Kitchen Garden Seeds

Shaylynn's Pumpkin Cake
Shaylynn Frazon
Recipe Seeds
Kitchen Garden Seed’s horticulturist Lance Frazon’s daughter Shaylynn made a wonderful Pumpkin cake with a recipe from her school. The whole family was delighted with the results of the then 9-year-old Shay’s culinary prowess (under her father’s supervision).
Shaylynn's Pumpkin Cake

  • 2 cups Pumpkin purée (recipe below)
  • 4 eggs
  • 1 cup vegetable oil
  • 1 2/3 cup sugar
  • 2 cups all-purpose flour
  • 2 teaspoons baking soda
  • 1 teaspoon baking powder
  • 2 teaspoons cinnamon
  • 1 teaspoon salt

  • Frosting
  • 2 cups Pumpkin purée (recipe below)
  • 1 8-ounce cream cheese, room temperature
  • 2 cups confectioners' sugar
  • 1/4 teaspoon ground nutmeg
  • 1 cup freshly whipped cream

  • In a large mixing bowl, slowly beat together the Pumpkin purée, eggs and vegetable oil. In a medium bowl, whisk together the sugar, flour, baking soda, baking powder, cinnamon and salt.

    Slowly add the dry ingredients to the Pumpkin mixture in three parts, mixing just to combine into a smooth batter. Pour the cake batter into an ungreased 13" by 9" pan. Bake in a preheated 350ºF oven for 25 to 30 minutes. Cool the cake to room temperture.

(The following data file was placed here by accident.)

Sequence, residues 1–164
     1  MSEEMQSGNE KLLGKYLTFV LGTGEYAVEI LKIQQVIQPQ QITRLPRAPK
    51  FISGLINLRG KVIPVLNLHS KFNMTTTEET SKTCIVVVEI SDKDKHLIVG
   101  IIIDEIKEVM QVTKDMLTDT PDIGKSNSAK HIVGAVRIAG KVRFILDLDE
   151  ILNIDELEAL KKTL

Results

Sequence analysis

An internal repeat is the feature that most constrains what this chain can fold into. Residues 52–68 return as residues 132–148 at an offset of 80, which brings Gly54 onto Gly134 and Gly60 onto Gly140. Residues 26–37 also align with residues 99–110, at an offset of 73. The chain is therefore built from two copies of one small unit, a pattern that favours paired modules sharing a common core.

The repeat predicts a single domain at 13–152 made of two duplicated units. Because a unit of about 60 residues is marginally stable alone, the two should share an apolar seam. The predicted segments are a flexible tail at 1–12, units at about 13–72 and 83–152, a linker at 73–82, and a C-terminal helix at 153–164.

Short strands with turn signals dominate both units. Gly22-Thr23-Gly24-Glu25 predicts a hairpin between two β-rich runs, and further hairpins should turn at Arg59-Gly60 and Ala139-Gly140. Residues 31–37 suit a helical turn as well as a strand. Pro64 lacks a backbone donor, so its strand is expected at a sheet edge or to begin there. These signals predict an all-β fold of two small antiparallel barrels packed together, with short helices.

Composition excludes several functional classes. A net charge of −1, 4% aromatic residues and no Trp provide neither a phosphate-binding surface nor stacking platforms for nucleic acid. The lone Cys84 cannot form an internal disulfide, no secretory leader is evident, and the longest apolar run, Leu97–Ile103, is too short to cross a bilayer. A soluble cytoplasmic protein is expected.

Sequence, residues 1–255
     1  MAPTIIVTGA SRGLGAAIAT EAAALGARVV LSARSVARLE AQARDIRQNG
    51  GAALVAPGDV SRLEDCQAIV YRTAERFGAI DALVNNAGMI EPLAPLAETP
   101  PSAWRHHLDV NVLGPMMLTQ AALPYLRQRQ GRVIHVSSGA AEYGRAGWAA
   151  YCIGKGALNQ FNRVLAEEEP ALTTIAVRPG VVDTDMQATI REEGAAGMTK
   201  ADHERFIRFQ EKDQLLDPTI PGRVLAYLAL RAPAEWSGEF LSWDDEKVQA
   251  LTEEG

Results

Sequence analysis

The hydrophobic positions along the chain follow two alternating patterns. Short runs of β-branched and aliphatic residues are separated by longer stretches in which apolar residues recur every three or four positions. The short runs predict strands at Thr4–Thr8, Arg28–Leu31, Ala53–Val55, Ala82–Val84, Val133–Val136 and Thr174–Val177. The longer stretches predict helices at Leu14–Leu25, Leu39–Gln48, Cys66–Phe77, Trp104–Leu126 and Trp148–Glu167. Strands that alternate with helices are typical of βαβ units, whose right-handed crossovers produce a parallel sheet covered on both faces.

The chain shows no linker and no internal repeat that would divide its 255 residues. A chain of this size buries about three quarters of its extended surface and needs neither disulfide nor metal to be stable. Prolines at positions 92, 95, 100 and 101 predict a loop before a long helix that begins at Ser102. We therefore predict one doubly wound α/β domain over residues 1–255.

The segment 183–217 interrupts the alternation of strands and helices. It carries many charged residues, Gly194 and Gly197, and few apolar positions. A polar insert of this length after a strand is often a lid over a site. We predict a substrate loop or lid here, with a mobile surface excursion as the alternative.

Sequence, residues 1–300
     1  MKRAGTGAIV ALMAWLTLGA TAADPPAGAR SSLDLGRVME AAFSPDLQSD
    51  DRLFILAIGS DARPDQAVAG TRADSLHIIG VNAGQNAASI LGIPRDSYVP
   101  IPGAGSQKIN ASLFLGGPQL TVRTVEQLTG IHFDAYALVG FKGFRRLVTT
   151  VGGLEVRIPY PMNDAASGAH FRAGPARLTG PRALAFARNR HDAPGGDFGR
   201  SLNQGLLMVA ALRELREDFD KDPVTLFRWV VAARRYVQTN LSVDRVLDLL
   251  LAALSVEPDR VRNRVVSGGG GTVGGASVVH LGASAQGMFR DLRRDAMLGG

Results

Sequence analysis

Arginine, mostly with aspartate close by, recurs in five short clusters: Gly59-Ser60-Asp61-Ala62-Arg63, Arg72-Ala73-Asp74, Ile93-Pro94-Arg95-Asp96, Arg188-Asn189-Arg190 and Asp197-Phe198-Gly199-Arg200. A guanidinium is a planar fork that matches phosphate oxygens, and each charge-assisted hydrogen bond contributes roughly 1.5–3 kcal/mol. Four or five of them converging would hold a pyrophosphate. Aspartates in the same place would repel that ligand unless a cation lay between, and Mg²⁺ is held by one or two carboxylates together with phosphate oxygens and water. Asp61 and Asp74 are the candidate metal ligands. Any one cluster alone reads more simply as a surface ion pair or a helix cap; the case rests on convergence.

To make the frosting, beat the Pumpkin purée into the softened cream cheese until smooth. Slowly add the confectioners' sugar and nutmeg, beating until creamy. Fold in a cup of freshly whipped cream. Frost the top of the cake. Enjoy!

    Pumpkin Purée

    You can use any Pumpkin, although our personal culinary favorites are Cotton Candy, Rouge d’Etampes, New England Pie and Fairytale Pumpkins because they are more manageable to cut and their flesh is thick, firm, sweet and less fibrous. Preheat the oven to 400ºF. Wash and dry the outside of the Pumpkin and cut it in half (this is the hardest part). Scoop out all of the fiber and seeds. Cut each half into quarters, very lightly brush the flesh with canola oil and place the pieces, skin side down, on roasting sheets. Roast until fork-tender, about 35 minutes. Once it cools down a little, scoop the flesh off the rind into a food processor. Blend until smooth. Pour the purée into a cheesecloth-lined strainer over a large bowl. Let it sit a while to remove any excess liquid. Freeze the purée in 2-cup portions in air-tight, quart freezer bags for up to six months.